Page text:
When the Oxford-AstraZeneca vaccine released its initial clinical results, it was hailed as a necessary and game-changing candidate. Compared to the vaccine race’s other “winners”, Pfizer and Moderna, AstraZeneca was widely viewed as an accessible, affordable alternative that required less stringent storage conditions.  Like other leading vaccines, the AstraZeneca shot can drastically reduce severe or fatal cases of Covid-19. 
Today, the global vaccine rollout is well underway. It is also wildly unequal. While the United States and 42 other mostly high-income countries are on track to vaccinate their entire populations within the year, 67 low-income countries have not vaccinated anyone at all. 
This past October, the Charlie Hebdo cartoons provoked another deadly incident. After a French teacher showed cartoons of Prophet Muhammed to his class, he was beheaded by one of his students. Days later, three people were killed in front of a church in Nice. President Macron labeled the incident as an “Islamist terrorist attack.”  The recent killings have evoked widespread fear and memories of the Charlie Hebdo shooting and the November 2015, in which two Muslim gunmen broke into Charlie Hebdo’s headquarters and killed twelve people, as well as the Paris terrorist attacks. Can France construct a secure society without alienating its Muslim citizens?
Liberté, Egalité, Fraternité. The national motto of France. Liberty, Equality, Fraternity. Unless, you are a Muslim.
“The time of the nation has come.”  These are the words of Marine Le Pen, former French presidential candidate, president of the National Rally party in France, and alleged “populist.” Populism is the international phenomenon that has been sweeping European countries for last decade, prompting a flood of analyses from leading political thinkers. As political scholarship grapples to reach a consensus on populism, populist leaders continue to fight for dominance in European governments. The recent surge of populist movements across Europe has not only transformed mainstream politics but has also posed a challenge to liberal democratic norms, mainly through fostering antipluralism and a rejection of important aspects of democracy.
Although Denmark joined the European Communities in 1973 and has been an integral member of the European Union since its founding in 1993, the country still uses krone as its currency, rather than the euro. As a country with good economic performance, it has much to gain from joining the eurozone and becoming a more integrated member of the EU, and it is likely to be successful in doing so. The European Union and eurozone are currently experiencing a crisis of integration and would benefit politically from the successful integration of Denmark into the eurozone, in addition to benefiting economically. Integration into the eurozone would benefit both Denmark and the European Union.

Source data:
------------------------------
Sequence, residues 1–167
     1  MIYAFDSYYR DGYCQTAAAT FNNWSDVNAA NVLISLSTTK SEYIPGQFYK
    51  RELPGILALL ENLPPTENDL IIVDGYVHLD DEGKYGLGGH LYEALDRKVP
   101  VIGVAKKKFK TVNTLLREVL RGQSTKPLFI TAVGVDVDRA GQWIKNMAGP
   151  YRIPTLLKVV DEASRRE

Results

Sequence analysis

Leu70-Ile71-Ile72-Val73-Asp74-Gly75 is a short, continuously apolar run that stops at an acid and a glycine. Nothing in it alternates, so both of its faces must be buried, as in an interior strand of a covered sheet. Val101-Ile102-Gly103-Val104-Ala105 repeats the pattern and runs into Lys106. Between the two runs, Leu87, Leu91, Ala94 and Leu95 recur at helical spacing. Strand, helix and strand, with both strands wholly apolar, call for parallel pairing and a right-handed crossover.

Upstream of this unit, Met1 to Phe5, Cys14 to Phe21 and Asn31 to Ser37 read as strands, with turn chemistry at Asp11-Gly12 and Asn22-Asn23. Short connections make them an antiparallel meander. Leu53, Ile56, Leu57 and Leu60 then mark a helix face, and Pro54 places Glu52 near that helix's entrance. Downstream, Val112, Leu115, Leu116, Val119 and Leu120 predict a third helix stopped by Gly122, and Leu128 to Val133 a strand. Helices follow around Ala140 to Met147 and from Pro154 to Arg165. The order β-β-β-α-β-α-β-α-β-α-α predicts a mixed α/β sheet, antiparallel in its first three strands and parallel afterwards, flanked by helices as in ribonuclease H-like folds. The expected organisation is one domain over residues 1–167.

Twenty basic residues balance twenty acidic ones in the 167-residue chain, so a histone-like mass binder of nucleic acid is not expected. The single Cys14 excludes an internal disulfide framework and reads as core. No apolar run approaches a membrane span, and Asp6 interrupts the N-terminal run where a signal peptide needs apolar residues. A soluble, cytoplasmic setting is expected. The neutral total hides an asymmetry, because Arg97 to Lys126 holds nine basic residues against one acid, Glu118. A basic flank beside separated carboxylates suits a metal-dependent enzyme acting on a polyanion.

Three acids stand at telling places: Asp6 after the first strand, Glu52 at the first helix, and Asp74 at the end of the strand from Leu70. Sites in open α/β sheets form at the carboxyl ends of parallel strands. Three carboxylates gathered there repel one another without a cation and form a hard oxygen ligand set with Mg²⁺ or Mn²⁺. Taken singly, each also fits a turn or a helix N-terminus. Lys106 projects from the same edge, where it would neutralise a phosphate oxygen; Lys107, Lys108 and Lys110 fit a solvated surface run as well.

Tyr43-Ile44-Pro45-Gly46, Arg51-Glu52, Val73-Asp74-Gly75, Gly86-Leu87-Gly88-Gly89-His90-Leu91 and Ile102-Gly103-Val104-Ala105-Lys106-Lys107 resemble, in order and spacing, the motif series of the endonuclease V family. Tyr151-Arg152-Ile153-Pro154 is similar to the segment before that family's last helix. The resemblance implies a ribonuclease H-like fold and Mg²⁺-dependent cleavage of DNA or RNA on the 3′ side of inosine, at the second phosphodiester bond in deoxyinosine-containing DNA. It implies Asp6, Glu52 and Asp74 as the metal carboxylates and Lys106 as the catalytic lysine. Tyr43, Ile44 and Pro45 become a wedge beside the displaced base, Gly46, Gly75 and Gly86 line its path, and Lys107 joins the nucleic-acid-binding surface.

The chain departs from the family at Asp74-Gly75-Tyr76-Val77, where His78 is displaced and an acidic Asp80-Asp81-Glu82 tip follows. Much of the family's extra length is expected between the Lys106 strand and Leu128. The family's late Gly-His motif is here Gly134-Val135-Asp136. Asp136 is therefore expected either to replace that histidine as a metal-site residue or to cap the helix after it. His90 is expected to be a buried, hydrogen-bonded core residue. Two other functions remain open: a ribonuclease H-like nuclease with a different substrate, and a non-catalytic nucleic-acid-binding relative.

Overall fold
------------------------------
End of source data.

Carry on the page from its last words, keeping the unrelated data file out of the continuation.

The millions of refugees entering Europe during recent years have found the warmest reception in Germany, where 1 in 8 residents is of foreign national origin. Germany has made significant strides towards effectively and permanently relocating and integrating refugees into the country. However, there are still policy opportunities to ensure that refugees are able to integrate further and feel assured of guaranteed futures in the country, with the possibility of being joined by their families. Many refugees are having trouble making the educational and legal leaps necessary to become German citizens. Conditions for integration, including long waiting periods for citizenship, are unnecessarily turbulent and stressful; less than 50 percent of migrants pass their language and integration classes. With the German spending budget for refugees predicted to reach 78 billion euros through 2022, it is crucial to ensure that methods of migrant integration are practical, successful, and cost effective.
While all eyes seem to be fixated on Brexit, it is important to remember that the European Union is grappling with another crisis: the erosion of democracy, particularly in Poland and Hungary. In the wake of right-wing populist governments flouting democratic values, rule of law, and human rights, it is the responsibility of the EU to uphold democratic norms.
[T]he UN Treaty on the Prohibition of Nuclear Weapons (UNTPNW), signed on July 7, 2017 … prohibits “nuclear weapons use, threat of use, testing, development, production, possession, transfer, and stationing in a different country.” The analysis in this paper will show that realist theories of international relations best explain why nuclear powers did not sign this particular treaty.